- Make sure the extenders are on different Wi-Fi channels. The router may have two or three bands and several Wi-Fi channels on each band, but some of these channels overlap. It is very important to place extenders on channels that do not overlap, to minimize Wi-Fi interference. If you have a single-band router that works only on 2.4 GHz Wi-Fi, it is best to use a combination of channels 1, 6, and 11. That is why our recommendation is to take two extenders for one router and place them on these channels.
- When using two extenders, it’s preferable if they don’t share the same SSID as the main router. If they have the same SSID as the router, they could connect to each other and not to the primary router. The connection would then be poor. This restriction does not occur if the extenders are connected to the main router via Ethernet and used as access points (not as repeaters).
- Connecting two extenders wirelessly is not a good idea. Each extension should be linked to the primary router. If you connected the first extender to the main router and connected the second extender to the first extender, then you would most probably experience bad Wi-Fi performance.
The extenders connect to the main router via a Wi-Fi network. For this reason, the data is transmitted twice so extenders have half of the data transfer capacity of a router. If we connect the next extender to the first one, it would have a quarter of the data transfer capacity of the router. For example, if a router can deliver 200 Mbps, the first extender connected to this router will deliver 100 Mbps max. The next extender, if connected to the first extender will deliver less than 50 Mbps.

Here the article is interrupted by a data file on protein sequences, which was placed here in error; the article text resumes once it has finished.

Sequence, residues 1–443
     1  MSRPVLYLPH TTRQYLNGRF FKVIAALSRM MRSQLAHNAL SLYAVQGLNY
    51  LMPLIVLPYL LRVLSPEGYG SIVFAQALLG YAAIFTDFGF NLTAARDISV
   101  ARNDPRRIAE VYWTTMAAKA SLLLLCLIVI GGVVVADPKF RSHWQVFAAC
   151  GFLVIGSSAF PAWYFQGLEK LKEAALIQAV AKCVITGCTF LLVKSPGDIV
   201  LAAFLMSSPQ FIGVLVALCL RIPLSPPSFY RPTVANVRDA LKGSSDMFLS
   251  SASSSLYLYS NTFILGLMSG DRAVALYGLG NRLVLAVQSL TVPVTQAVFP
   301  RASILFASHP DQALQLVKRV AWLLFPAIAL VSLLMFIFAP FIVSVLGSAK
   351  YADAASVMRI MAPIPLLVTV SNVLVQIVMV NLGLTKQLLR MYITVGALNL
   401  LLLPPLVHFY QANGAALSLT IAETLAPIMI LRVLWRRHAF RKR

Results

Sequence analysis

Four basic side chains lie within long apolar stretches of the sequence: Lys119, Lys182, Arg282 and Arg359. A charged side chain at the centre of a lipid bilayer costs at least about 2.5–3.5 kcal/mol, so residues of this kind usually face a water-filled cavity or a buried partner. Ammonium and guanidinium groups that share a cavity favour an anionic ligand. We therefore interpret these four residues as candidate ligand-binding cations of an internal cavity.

Another condition that determines the number of extenders you need to connect to one router is its strength. Some extenders can cover up to 1,000 ft2 or less, while more capable (and more expensive) ones can cover up to 2,500 ft2. The more area one extender can cover, the fewer extenders you will need.
What Is the Ideal Distance Between Wi-Fi Extenders and a Router?
People often try to set up the extenders without knowing anything about the optimal placement. Placing the extender too far away from the main router will result in poor Wi-Fi signal strength or no Wi-Fi signal at all.
Some Wi-Fi extenders have placement indicators (LED lights) that certainly help users find the appropriate place, but other extenders don’t have those indicators. That’s why it’s important to know a few things about optimal extender placement.